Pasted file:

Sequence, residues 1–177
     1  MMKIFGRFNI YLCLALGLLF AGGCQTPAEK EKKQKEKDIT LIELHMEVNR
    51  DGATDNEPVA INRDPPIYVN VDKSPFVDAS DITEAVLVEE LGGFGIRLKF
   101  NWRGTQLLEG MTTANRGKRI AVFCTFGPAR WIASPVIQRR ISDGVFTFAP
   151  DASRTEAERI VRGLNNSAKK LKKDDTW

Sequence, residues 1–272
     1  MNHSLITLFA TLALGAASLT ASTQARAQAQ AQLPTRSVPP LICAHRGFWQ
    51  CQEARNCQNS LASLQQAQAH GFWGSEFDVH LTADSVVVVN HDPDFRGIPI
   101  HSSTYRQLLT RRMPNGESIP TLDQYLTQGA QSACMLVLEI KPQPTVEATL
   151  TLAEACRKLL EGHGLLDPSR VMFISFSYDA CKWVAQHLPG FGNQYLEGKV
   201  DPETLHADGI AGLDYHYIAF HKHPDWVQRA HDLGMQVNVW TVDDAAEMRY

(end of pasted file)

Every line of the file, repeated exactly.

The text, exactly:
Sequence, residues 1–177
     1  MMKIFGRFNI YLCLALGLLF AGGCQTPAEK EKKQKEKDIT LIELHMEVNR
    51  DGATDNEPVA INRDPPIYVN VDKSPFVDAS DITEAVLVEE LGGFGIRLKF
   101  NWRGTQLLEG MTTANRGKRI AVFCTFGPAR WIASPVIQRR ISDGVFTFAP
   151  DASRTEAERI VRGLNNSAKK LKKDDTW

Sequence, residues 1–272
     1  MNHSLITLFA TLALGAASLT ASTQARAQAQ AQLPTRSVPP LICAHRGFWQ
    51  CQEARNCQNS LASLQQAQAH GFWGSEFDVH LTADSVVVVN HDPDFRGIPI
   101  HSSTYRQLLT RRMPNGESIP TLDQYLTQGA QSACMLVLEI KPQPTVEATL
   151  TLAEACRKLL EGHGLLDPSR VMFISFSYDA CKWVAQHLPG FGNQYLEGKV
   201  DPETLHADGI AGLDYHYIAF HKHPDWVQRA HDLGMQVNVW TVDDAAEMRY